So you were like in a cage during this trip… There is a scene where you say that you saw your grandmother’s hands; but she wasn’t there. Could you please elaborate?
A lot of my work questions the validity of memory, both personal and collective. Questioning constantly what is true and what is not. That actually did happen. I remembered the scene of my grandmother reaching her hands to the window, and I lived with that memory for about 28 years.
Then, when I was describing the piece to my mom, she told me that my grandmother didn’t come with us, that I probably remembered somebody else…
My grandmother couldn’t come with us; it was too hard for her emotionally. At that point, I thought I would never see her, again. She joined us a year later; but [in 1990], we thought it was goodbye forever.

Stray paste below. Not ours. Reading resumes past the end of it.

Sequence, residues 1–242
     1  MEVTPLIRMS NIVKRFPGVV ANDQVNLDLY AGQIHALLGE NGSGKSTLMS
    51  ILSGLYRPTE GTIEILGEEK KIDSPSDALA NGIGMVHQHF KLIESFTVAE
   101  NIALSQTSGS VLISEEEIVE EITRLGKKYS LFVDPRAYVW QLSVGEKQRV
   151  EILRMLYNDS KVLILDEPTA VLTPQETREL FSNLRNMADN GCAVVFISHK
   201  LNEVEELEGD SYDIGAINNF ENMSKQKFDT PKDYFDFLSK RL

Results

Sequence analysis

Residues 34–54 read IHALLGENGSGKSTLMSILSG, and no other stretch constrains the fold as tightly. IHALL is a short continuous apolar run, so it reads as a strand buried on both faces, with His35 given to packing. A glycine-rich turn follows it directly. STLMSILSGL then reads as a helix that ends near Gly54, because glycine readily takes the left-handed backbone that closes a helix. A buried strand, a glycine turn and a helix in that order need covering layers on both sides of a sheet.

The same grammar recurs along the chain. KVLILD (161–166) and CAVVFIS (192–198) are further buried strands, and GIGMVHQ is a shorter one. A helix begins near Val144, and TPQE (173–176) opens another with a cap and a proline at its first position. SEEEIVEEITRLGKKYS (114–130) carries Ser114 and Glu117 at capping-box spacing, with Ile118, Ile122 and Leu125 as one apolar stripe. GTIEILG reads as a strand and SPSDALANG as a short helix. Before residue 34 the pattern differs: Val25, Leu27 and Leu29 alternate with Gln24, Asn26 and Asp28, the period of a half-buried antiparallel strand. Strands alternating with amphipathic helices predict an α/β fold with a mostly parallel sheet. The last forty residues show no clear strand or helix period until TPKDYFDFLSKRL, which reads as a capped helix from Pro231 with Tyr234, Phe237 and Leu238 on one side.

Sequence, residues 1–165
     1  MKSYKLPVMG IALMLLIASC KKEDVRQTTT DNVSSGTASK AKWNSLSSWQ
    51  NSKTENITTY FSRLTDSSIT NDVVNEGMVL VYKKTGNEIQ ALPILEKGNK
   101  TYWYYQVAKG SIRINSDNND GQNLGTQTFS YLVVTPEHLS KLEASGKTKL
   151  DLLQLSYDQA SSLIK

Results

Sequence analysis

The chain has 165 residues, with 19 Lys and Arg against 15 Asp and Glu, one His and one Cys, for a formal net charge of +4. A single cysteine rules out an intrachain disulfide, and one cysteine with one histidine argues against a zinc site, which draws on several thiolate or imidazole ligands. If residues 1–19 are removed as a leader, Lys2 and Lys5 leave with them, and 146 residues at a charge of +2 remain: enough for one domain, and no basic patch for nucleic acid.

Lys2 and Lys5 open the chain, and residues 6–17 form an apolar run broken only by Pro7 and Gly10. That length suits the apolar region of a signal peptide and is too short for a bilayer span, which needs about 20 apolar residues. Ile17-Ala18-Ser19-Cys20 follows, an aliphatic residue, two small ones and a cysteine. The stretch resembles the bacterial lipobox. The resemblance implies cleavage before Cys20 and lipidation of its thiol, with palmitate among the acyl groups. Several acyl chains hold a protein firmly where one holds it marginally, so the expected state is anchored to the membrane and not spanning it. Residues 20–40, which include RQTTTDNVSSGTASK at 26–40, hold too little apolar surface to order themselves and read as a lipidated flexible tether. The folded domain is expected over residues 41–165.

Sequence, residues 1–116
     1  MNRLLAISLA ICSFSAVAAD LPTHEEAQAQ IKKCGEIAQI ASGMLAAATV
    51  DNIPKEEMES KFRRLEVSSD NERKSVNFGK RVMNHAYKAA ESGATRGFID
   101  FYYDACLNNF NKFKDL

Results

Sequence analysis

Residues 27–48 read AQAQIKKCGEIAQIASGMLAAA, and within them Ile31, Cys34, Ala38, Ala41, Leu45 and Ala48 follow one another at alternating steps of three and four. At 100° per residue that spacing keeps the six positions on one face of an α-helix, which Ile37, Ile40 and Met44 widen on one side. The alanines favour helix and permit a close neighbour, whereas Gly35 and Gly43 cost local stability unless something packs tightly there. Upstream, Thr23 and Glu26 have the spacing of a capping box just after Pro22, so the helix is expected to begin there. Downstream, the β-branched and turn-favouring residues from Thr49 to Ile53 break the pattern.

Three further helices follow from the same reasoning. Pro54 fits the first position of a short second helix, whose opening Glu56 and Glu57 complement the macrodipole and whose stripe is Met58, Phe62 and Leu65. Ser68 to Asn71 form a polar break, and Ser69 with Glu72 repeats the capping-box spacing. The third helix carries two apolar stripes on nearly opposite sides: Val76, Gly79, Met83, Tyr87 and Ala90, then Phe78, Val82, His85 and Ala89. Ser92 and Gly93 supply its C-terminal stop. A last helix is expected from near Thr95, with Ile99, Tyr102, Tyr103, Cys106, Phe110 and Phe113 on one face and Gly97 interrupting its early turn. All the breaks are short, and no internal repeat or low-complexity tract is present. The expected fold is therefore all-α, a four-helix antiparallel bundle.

How much of your actors’ stories are incorporated into your work? Did they also move to Israel?
Yes, all of them, and I give them room. I am in a dialog with actors and actresses in rehearsals. I ask them to say [lines] in their own words.
Your words in the installation are ‘You will regret this; you will be sorry; you will have heavy experiences.’ But you are a successful artist; your exhibitions are in the most important museums and galleries. Are there any good stories that came out of the move?
I must say, I don’t regret it and I am extremely grateful to my parents all the time for getting out of the Soviet Union. But for new immigrants, like my grandmother, it was very hard at the beginning.
In addition to the installation, there is a book with your drawings.
The book I started as the storyboard for the piece. But it slowly made it to a sort of artist’s book, a graphic novel. A separate thing.